Xenon boost: Medical microfluidics

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  • Published: Jun 1, 2014
  • Channels: NMR Knowledge Base
thumbnail image: Xenon boost: Medical microfluidics

Microfabricated, polarized xenon

A microfluidic device that can detect tiny concentrations of the gas xenon has been developed by US researchers. The device could give a noble boost to biomedical analysis and medical imaging. Image: NIST

A microfluidic device that can generate polarised xenon-129 gas and detect it by nuclear magnetic resonance, NMR, spectroscopy at tiny concentrations has been developed by an international team. The device could give a noble boost to biomedical analysis and medical imaging, according to researchers at the US National Institute of Standards and Technology (NIST) and their colleagues.

Writing in Nature Communications, the team of NIST physicist John Kitching and co-authors from Lawrence Berkeley National Laboratory, the University of California at Berkeley and Bar-Ilan University in Israel describe results of their research part-funded by the US Department of Energy. The new microfluidic chip generates polarized xenon-129 and precludes the need for the ironically car-sized but lamentably non-portable equipment currently required for making the gas in this form. Polarised xenon-129 can be dissolved in liquids and its NMR spectra are altered subtly by the presence of and its interactions with other molecules in complex mixture. Polarized xenon is also being mooted as a useful contrast agent for MRI, magnetic resonance imaging, of the human lungs, for instance.

The team explains that the chip's sensitive internal detector boosts the response of microfluidic NMR on small samples and eliminates the need for the powerful magnets associated with larger NMR devices such as those used in MRI. The researchers add that the microfabricated chip could be mass produced and integrated with existing microfluidic systems readily.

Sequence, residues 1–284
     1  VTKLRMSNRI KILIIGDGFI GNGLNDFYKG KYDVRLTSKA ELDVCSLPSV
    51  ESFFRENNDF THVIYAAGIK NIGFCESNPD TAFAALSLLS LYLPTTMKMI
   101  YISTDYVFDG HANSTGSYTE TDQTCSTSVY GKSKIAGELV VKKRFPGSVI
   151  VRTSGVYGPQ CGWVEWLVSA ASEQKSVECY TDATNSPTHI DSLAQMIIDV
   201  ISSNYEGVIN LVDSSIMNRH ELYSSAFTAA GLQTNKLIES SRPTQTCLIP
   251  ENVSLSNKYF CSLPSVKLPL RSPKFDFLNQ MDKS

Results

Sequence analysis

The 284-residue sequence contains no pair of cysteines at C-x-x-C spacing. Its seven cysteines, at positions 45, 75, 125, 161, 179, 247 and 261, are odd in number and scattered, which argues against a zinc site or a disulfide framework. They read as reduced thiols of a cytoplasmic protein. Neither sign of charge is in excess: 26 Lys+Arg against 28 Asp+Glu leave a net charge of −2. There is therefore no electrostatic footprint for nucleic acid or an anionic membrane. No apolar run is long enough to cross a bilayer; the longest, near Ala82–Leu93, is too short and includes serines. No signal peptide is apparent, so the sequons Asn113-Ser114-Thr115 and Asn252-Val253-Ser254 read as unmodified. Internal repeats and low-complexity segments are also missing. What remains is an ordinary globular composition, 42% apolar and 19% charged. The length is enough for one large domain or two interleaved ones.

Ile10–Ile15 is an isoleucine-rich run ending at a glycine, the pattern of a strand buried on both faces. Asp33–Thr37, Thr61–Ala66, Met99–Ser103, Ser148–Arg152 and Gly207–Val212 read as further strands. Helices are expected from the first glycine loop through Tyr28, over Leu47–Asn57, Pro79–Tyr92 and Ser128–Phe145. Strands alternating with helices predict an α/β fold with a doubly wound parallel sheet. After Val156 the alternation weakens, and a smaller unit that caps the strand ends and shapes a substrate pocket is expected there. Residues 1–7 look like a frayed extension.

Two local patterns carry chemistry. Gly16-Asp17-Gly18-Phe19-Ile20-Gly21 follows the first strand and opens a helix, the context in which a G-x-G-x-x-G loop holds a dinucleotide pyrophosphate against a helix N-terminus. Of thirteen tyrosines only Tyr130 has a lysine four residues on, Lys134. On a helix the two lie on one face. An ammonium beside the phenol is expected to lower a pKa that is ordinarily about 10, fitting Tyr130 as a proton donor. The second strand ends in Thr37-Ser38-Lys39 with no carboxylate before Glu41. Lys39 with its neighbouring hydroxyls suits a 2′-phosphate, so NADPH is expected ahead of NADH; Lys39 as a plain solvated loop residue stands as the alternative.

One of a trillion

"We envision this device being an element in a more complex microfluidic NMR system, maybe for medical diagnostics," Kitching suggests. The new device is related to NIST's earlier chip-scale magnetometer but has different applications, of course, and additional capabilities. As with the earlier device, the new chip uses rubidium atoms as magnetometers to detect the xenon polarization. But, the same rubidium atoms are key to polarizing the xenon atoms in the first place to boost their NMR response. The mixture of the rubidium and polarized xenon atoms in the same chamber at the detection stage, gives the NMR signal a 500-fold boost with a field of one micro-Tesla.

The microfluidic device itself is housed in a silicon and glass chip about 30 millimetres long with four small chambers connected by microchannels. In one chamber, circularly polarized light transfers angular momentum to the electrons of the rubidium atoms, a spin exchange with the nuclei of the xenon atoms then ensues. The polarized xenon and rubidium atoms then flow into a detection chamber where a sensor can detect a signal corresponding to fewer than 1 trillion polarized xenon atoms, which is on a par with low-field optical magnetometry.

Portable xenon

"We construct the device using standard microfabrication techniques, which will facilitate its integration with existing microfluidic platforms," the team reports. "This device may enable the implementation of highly sensitive xenon-129 NMR spectroscopy in compact, low-cost, portable devices." Kitching told SpectroscopyNOW that, "The most interesting long-term goal is to achieve integration of the xenon polarizer with more complex microfluidic systems and to demonstrate the dissolution of polarized xenon into a liquid."

Related Links

Nature Commun, 2014, 5, #3908: "Optical hyperpolarization and NMR detection of 129Xe on a microfluidic chip"

Article by David Bradley

The views represented in this article are solely those of the author and do not necessarily represent those of John Wiley and Sons, Ltd.

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